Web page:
Hufeng Zhou, recent recipient of a Leukemia and Lymphoma Society fellowship, and colleagues in BWH’s Infectious Disease Division of the Channing Laboratory have investigated the causal link between the Epstein-Barr virus (EBV) and B-cell lymphomas, identifying so-called “super-enhancers” as key players in the growth of malignant lymphoblastoid cells. The results of their work appear in Cell Host & Microbe.
The Epstein-Barr virus, a human tumor virus discovered 50 years ago, has been tied to multiple forms of cancer including Burkitt’s lymphoma, Hodgkin’s lymphoma and more. The virus, which finds its way to the B cell compartment upon infection, establishes a lifelong infection within its host. Immunocompromising conditions – such as HIV and organ transplantation – can allow EBV-infected B cells to grow uncontrollably, leading to cancer, but the exact mechanism by which cancer-causing genes are activated has been unknown.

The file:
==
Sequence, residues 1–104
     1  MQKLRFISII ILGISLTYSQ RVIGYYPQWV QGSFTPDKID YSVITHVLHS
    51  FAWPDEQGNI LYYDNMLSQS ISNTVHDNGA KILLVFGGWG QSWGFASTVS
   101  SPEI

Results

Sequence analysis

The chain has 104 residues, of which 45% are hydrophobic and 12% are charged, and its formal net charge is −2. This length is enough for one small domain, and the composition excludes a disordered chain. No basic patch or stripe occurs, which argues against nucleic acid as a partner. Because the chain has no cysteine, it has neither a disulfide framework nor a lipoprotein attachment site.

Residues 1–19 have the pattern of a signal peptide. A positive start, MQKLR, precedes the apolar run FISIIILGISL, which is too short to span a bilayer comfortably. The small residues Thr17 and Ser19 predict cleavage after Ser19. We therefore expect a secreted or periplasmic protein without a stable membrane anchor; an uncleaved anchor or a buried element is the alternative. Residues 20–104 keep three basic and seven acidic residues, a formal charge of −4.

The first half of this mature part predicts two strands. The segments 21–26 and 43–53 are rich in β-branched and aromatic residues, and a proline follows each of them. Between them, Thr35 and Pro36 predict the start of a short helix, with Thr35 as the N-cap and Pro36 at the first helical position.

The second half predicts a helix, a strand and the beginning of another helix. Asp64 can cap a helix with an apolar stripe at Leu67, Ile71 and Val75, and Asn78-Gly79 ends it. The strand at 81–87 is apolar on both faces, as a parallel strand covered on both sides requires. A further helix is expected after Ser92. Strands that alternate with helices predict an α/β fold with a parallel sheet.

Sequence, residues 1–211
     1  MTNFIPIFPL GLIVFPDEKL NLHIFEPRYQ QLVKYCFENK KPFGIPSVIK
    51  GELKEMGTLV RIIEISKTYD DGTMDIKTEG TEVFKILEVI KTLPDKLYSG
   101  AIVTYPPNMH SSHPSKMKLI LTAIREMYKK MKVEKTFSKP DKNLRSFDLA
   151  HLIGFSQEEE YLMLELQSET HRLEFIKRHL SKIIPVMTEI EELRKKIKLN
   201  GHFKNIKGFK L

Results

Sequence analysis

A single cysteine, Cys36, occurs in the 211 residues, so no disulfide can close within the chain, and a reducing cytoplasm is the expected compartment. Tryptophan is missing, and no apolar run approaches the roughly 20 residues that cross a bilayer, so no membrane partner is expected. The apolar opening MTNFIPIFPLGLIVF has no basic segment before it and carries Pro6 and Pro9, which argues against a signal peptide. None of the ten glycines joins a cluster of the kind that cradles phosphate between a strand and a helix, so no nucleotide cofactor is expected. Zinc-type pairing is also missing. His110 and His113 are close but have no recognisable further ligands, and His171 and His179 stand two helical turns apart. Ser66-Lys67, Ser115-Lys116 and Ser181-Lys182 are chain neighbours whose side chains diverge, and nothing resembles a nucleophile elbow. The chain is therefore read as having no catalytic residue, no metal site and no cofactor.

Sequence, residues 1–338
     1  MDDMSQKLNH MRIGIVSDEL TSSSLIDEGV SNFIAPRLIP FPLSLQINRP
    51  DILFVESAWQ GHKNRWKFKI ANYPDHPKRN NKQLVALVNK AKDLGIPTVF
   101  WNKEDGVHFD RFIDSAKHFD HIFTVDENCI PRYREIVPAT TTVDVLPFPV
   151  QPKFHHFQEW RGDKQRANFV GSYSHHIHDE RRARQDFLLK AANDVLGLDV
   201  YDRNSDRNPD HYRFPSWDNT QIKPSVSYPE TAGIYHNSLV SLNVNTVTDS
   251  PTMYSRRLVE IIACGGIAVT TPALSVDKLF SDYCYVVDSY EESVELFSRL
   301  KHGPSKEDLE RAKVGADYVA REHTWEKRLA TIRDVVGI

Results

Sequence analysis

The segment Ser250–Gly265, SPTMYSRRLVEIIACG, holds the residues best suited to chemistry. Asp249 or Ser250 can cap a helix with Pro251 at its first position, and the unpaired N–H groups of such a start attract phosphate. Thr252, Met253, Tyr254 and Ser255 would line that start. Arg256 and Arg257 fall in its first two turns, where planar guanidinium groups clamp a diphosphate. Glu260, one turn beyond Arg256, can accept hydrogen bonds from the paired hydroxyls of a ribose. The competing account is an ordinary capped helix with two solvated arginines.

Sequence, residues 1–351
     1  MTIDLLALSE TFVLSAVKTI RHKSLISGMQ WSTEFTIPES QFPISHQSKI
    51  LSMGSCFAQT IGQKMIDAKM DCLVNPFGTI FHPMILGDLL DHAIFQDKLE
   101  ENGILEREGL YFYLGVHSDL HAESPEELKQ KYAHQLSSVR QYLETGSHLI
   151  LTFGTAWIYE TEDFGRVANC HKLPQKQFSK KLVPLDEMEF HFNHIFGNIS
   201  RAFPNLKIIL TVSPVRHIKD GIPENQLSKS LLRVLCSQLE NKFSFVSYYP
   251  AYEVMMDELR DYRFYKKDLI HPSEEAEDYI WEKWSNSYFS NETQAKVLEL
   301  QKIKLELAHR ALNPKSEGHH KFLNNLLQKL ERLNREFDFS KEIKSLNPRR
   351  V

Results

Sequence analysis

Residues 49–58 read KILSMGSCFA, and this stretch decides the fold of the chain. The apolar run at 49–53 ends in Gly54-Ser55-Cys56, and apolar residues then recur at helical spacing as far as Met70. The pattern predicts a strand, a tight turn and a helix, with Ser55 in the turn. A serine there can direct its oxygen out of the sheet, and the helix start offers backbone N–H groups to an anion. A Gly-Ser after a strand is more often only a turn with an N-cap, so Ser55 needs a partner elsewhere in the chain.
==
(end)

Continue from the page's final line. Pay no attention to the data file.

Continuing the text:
Super-enhancers are a class of powerful transcription activators that have been increasingly implicated in cell growth and development, and in the development of cancer. The authors found that EBV cancer-promoting proteins can assemble super-enhancers to drive expression of key genes that play a role in cancer.
“This work represents the first identification of a virus using super-enhancers to alter the host-pathogen relationship,” said Benjamin Gewurz, MD,PhD, an Assistant Professor in the Infectious Disease Division and Bo Zhao, MD, PhD, Instructor in Medicine. “Since super-enhancers are particularly sensitive to chemical inhibition, our study suggests a novel therapeutic target in the treatment of EBV-associated malignancies.”